- Commitment and consistency: “People want to say yes to those requests that are consistent with the commitments they've already made.”
5 persuasive techniques to use at work
If we apply the Robert Cialdini principles to our work, day-to-day, they can be powerful tools when dealing with a customer or a colleague:
1) Use your power of persuasion to handle people kindly
Get other people to willingly want to do things to help you or to be involved with your idea. You can ‘attract more bees with honey, than with vinegar’, by respecting your peers and handling your interactions with them in a positive way.
For example, Dale Carnegie’s international bestselling book, How to win friends and influence people, talks about three techniques to handle people:
- Don’t criticize, condemn, or complain
- Give honest and sincere feedback
- Arouse in the other person an eager want
2) Using body language to help connect with people unconsciously
One of the strategies for persuading another is done by using both verbal and non-verbal cues. Research says that between 60-70% of all human communication is non-verbal through body language. This means that if you meet someone for the first time, your mind is taking information from your senses (for example, what you see, what you hear, what you smell, etc.).
From this information, a person can make snap judgments about the other person, if there are similarities between the two people. This comes from an evolutionary safety principle where staying with your kind and in a large group provided the best chance of survival.
3) Align key messages so that you reach consensus faster
When people are negotiating and there are conflicting ideas, cognitive dissonance phenomena can occur. This psychological theory suggests that people wish to have a consistency of thinking, belief, and values.
When conflicting ideas occur and consistent thoughts are challenged, people have negative reactions like discomfort, which makes them want to find a way to get back to consistent thinking as soon as possible. They’ll be looking for something that is familiar to their consistent standards
In other words, if you want to influence people in a business setting, create key messages that account for the person’s beliefs, values, and thoughts so that you won’t conflict and they’ll be more likely to agree with you.
4) Become the legitimate authority
People will look to others in society to act as legitimate authorities so that they don’t have to make decisions of their own. This can save them energy and stress. In a business setting, this can mean acting like a leader in meetings and summarizing ideas in your own way, so that you’re shaping the viable choices and influencing the final decision.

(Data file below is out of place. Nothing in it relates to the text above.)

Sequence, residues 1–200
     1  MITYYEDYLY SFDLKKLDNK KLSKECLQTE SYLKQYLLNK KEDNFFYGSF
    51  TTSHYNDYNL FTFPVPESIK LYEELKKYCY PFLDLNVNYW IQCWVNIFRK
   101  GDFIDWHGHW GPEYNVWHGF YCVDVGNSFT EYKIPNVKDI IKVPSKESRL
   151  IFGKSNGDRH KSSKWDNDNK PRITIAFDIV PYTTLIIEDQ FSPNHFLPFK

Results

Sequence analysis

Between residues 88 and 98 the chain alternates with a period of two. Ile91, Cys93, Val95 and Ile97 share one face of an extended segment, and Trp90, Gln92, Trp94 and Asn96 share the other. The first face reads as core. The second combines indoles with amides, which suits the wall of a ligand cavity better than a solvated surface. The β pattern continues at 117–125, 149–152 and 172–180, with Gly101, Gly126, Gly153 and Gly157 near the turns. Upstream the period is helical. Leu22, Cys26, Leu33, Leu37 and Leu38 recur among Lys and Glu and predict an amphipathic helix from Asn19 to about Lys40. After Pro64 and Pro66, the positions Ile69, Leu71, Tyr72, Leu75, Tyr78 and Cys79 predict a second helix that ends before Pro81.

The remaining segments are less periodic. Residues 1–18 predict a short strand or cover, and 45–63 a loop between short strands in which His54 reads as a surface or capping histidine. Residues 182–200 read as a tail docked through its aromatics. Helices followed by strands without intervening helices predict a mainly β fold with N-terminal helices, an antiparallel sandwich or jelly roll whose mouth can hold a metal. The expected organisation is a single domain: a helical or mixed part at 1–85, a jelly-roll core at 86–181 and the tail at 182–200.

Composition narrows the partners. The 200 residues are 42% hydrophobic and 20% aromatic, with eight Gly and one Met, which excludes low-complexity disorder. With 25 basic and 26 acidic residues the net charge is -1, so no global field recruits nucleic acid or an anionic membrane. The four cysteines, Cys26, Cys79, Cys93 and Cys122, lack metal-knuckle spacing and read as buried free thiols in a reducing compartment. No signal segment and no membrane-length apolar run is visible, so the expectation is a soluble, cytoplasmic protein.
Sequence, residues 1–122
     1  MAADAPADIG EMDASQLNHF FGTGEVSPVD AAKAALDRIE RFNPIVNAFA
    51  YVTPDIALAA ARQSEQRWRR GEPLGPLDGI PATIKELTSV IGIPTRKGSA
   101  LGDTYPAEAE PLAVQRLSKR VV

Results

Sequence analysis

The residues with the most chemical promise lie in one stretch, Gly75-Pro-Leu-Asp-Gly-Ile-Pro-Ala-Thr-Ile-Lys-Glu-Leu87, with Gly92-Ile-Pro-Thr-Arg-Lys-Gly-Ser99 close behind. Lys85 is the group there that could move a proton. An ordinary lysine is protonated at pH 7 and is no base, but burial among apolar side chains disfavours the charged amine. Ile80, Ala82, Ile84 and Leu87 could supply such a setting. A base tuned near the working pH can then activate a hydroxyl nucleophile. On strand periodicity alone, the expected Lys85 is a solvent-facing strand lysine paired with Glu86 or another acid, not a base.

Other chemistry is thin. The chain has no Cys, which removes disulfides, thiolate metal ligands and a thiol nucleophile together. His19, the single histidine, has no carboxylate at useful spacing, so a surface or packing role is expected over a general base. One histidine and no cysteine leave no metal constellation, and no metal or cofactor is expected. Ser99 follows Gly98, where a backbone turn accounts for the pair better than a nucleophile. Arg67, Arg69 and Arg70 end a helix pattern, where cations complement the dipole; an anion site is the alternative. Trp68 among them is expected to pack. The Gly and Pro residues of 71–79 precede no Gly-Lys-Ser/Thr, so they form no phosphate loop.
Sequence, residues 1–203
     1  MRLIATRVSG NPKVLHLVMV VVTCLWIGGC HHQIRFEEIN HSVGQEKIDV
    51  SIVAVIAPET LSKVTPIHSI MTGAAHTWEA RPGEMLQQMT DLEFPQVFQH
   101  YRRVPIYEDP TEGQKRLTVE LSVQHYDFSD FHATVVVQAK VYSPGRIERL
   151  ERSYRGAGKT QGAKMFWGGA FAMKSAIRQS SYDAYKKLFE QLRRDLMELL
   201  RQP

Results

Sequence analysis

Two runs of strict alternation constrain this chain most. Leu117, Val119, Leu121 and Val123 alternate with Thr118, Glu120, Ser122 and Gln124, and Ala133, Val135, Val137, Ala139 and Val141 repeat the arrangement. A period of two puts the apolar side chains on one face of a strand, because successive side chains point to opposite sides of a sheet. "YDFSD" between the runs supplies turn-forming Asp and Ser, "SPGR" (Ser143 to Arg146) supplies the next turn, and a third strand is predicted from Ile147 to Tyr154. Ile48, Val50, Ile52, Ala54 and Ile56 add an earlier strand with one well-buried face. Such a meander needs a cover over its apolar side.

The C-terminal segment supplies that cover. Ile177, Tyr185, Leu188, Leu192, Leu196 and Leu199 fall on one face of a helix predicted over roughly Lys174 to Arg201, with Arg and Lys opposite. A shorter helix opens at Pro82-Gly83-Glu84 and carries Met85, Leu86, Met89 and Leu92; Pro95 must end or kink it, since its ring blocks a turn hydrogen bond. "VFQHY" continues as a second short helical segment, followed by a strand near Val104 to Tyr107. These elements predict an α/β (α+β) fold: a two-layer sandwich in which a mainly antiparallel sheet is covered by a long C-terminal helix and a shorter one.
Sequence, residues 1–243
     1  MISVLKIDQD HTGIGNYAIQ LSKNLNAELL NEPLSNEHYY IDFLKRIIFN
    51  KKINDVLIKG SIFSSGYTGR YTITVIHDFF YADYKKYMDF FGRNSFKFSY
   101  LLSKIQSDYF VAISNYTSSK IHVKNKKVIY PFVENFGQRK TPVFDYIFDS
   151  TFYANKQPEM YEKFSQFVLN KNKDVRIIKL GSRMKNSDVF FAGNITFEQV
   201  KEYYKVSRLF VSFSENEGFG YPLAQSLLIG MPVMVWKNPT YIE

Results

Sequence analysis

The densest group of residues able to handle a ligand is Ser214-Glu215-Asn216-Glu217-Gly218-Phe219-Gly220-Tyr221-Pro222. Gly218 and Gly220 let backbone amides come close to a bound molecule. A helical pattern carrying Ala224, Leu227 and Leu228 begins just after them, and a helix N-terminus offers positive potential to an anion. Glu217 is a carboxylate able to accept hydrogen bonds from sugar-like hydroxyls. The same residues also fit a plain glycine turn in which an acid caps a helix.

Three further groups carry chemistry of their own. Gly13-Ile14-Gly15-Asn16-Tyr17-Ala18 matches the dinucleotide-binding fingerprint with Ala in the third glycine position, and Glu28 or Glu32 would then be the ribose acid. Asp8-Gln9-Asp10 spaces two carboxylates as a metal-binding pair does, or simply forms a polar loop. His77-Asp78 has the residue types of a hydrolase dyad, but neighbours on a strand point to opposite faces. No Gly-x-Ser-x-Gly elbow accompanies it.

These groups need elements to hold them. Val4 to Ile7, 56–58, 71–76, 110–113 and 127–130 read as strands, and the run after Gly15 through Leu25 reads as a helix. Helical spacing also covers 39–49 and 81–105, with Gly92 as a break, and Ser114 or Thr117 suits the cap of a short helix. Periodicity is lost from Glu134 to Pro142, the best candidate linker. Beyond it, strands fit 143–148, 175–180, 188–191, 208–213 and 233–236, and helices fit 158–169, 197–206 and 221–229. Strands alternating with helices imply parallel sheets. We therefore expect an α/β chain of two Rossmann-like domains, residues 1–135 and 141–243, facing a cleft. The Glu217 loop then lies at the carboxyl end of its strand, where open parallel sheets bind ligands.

5) Use the scarcity principle to give your idea higher value
Most people do want to get the ‘best’ deal, so when something is rare or limited, people will perceive it to be of higher value.
The scarcity principle can be used in a positive way to recommend your ideas and thoughts. For example, if your idea has a time limit attached to it (‘we have to move on it this week’) or if it provides a rare opportunity (‘We can capitalize on our product launch at the conference because it occurs on the same day’), it is seen as more desirable.
For a customer, this can lead to real monetary value, while for a colleague, this can lead to amending their behavioral values to move forward with something.
How to focus and improve your power of persuasion
It’s important to practice these techniques to see how they make a difference in your workplace. You might find that you’re more successful with your peers, but need to build up the confidence before pitching ideas to your manager.
That’s okay — your efforts now will have a lasting impact while you explore what makes sense for you to influence in your role. As Robert Cialdini says “even after complying, people are likely to feel positively toward the ...cause, and are more willing to comply with future requests.”
Something to also try, as you consider how you influence others, is how do other people influence you? Often, you’ll see the six principles by Robert Cialdini at work.
It could be an unsolicited piece of feedback, which prompts you to respond in kind. Your vice president might whet your appetite at the start of a strategy project, by appealing to your love of learning about strategies. You might get a discretionary pay rise, which makes you feel lucky to be working at the company.
Ask yourself 'What worked and what didn’t, and why?'
Through continuous learning, practice, and reflection, you'll build the capacity to influence successfully, just like Robert Cialdini.